What makes flaws more valuable in publishing?

Any author will tell you that errors in their final work are the scourge of editing. But, embrace them! Why? Simply because they make your work more valuable! “Really?” you, may ask. “How?” An example from 3 WISE MEN will illustrate this.

When I received the final formatted version and launched it (version 1), I had  the chance to sit and review the Kindle copy in just a few sittings. It may have been the fresh eyes, or the extra coffee, or the fact that I was on holiday, but, to me, there were too many “flaws” to be entirely happy with it; and so I did a few minor, but significant changes – changes that improved the flow and avoided repetitious phrases, etc. These changes should have been picked up during the professional editing phase. However, with the new product in front of me, I was now much more critical of the text, the characters, and the more subtle elements of style. These draft copies are the rarest and most valuable ones and they expose the weakness of self-publishing for all to see. But, they also serve as examples of the hidden power of self-publishing – the ability of an author to have a far better product in front of readers within a day or two! The alterations may have not seemed necessary but, to me, they certainly were. After a short period of rigorous review the book – version 2 – was longer by a few more pages too!

“Are you happy with it now?” asked my wife. “Yes, it is good to go!” I announced proudly as I ordered 10 “Author copies.” A few more Kindle ones were also purchased by others during our low key marketing campaign to family and friends. Then, behold, a keen reader spotted a very minor – and I mean minor – mistake. But, it was unacceptable and it was on page one! It took less than a few hours to have the correction and reformatting done. A day later, it was online ready to purchase. This (version 3 or 4) will be used at the book launch.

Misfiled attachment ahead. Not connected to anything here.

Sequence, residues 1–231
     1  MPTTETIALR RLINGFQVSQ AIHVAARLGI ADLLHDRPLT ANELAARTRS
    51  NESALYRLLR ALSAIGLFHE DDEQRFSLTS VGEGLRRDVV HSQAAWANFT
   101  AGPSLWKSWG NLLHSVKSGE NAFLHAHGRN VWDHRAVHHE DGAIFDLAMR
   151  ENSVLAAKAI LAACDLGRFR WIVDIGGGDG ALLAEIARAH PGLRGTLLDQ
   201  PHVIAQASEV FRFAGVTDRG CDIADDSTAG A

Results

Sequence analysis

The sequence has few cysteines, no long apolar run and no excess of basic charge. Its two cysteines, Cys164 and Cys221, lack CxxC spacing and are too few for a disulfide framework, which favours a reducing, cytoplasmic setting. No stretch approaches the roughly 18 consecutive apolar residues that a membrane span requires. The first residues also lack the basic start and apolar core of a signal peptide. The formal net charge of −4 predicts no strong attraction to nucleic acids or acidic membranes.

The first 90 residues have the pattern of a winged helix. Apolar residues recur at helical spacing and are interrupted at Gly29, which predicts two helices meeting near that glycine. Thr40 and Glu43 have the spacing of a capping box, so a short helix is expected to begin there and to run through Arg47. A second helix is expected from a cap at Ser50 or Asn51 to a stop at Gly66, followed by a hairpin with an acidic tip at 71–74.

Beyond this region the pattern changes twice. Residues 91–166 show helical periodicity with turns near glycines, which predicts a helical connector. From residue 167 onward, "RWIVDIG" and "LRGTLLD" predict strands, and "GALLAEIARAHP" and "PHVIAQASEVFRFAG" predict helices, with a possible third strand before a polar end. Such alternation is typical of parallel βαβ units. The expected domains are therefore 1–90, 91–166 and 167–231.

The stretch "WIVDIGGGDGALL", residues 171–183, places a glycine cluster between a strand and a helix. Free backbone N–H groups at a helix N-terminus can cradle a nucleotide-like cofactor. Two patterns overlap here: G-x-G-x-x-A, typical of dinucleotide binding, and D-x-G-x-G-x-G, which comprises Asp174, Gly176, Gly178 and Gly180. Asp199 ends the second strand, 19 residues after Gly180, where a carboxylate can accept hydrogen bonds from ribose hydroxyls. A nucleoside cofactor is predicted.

So, will there be any further changes? Perhaps, but I would expect them to be too subtle to really matter. For instance, the title on the front cover might move down a few millimetres, and I might alter a small amount of inside text, and perhaps add a short author bio. But don’t expect anything as major as the alterations from version 1 to version 2. The former are now – like really early collectables – super rare versions without any value. But, from a writing viewpoint, they are priceless examples of a major stepping stone in the journey of a flawed author!

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